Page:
POSTED BY DIADON ACS · MAY 01, 2022
It’s been a while and I figured it might be time for an update…. If you haven’t read my first blog on these experiments, I suggest you go an examine those before moving forward so you get some idea of what is being researched and developed.
Here is the link to introduce you to the Harmonic Hydrogen Fusion experiment incase you haven’t read it yet.
I am doing my best at autodidactically sorting through multidisciplinary sciences is hard AF! This is also some pretty fringe scientific territory that is fraught with danger electrochemical danger. So I prefer taking my time, though it restricts updating people on my progress at times. It is all in the hopes we can leave this place better than when we came in. Life does get in the way sometimes and that is the excuse I am sticking to. 😉
The failures are the fuel
I recently had another experiment that failed. Of course it was due to my ignorance on something.. but the mistakes help shed light on improvements, and that’s pretty much what this blog will discuss.. The failure and how we will iterate on the mistakes I have made. The major failure seems to be in isolating the EMI (Electro-magnetic Interference) from the collapsing hydrogen plasma….. again….
However, so long as we are breathing I will keep going and never give up for us. Until we have collected enough data to draw a reasonable conclusion, it should be our motivating purpose in life to get some solid answers from nature.
In the spirit of that prologue we come to the body of the failure. My most recent dilemmas in the failures of building an Electrolytic Magnetohydrodynamic Lattice Confined Plasma in a Resonating Cavity. <– That’s always a silly mouthful to say and it’s just easier to call it Harmonic Hydrogen Fusion.
The two main issues are ignorance, time, and the ability to use one against the other. We have an abundance of the former and a limited supply of the latter so that makes this a challenging matter. So I thought it necessary to update everyone on the progress and failures we have made.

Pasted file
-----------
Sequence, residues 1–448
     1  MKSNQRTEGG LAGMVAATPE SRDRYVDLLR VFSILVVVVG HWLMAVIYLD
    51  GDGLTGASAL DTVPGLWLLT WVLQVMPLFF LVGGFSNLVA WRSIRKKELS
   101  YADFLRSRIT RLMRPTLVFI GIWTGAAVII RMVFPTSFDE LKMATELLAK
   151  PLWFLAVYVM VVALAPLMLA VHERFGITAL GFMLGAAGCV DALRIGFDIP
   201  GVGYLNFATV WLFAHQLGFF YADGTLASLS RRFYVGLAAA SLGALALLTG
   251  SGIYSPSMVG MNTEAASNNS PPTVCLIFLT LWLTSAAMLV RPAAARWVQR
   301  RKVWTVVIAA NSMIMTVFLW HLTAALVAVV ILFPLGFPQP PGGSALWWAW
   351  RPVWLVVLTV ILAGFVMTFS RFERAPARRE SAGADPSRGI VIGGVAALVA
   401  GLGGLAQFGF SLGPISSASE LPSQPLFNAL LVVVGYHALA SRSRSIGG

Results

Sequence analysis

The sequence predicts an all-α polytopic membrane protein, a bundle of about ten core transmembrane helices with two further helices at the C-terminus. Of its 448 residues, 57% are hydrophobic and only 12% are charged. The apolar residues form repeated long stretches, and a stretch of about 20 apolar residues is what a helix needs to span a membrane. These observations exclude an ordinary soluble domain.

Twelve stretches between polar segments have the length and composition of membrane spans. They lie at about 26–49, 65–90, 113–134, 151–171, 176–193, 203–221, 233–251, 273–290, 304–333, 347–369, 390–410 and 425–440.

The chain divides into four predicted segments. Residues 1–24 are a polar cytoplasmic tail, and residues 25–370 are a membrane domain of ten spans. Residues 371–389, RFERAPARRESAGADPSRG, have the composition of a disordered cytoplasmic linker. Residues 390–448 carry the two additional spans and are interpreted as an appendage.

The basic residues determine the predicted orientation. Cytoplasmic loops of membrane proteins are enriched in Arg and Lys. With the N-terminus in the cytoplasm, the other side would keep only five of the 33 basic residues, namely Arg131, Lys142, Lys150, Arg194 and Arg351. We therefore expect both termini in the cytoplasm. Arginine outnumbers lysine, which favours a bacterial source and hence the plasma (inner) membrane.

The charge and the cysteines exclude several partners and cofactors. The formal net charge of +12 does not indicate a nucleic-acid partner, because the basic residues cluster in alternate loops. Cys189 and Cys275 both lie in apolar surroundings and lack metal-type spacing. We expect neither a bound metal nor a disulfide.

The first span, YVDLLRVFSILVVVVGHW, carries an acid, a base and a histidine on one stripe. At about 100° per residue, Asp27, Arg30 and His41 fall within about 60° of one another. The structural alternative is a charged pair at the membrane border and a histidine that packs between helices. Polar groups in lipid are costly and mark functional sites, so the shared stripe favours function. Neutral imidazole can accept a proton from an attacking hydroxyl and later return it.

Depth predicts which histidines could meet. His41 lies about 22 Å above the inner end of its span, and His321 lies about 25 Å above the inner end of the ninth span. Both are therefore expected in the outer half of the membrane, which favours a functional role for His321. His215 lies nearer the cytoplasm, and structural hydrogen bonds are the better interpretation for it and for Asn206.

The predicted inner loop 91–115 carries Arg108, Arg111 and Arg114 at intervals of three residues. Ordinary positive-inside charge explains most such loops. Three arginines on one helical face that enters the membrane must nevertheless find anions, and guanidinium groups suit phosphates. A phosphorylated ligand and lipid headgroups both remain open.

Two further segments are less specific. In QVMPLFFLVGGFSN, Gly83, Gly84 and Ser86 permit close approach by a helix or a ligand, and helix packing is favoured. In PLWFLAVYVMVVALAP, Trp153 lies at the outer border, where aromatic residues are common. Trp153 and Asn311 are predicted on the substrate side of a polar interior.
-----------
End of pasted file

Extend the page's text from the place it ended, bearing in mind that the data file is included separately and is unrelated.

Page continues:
A lot has changed in these 8 or 9 months since the last blog and life has been getting in the way of the dream a little bit. I got to work moving and setting up a new garage lab running Project Proteus v1. If you follow our social media you probably already know that to some degree. It has been a goal for us to level up our financial education and get us a house that we will eventually own.
Of course you aren’t here for a life story…
Most of you reading this, probably just want the meat and potatoes of the fusion thing.
So here we go…
Project Proteus.v1 is a failure. Mostly on my part at collecting data and not listening to my elders. They told us to use mass flow calorimetry and now I can see why. There really is no other way to shield against the amount of Electromagnetic Pulses that come from the reactor that I am aware of. I have yet to find a way to get a close proximity sensor to the reaction site as the pt-1000 RTD has failed to handle the pulses once the reactor starts. Any sensors I have tried in direct contact with the electrolytic solution of the reactor have also failed when plasma excitation begins. Even sensors in the outside water jacket to absorb and measure heat are too close to the radiative effects of the point discharges.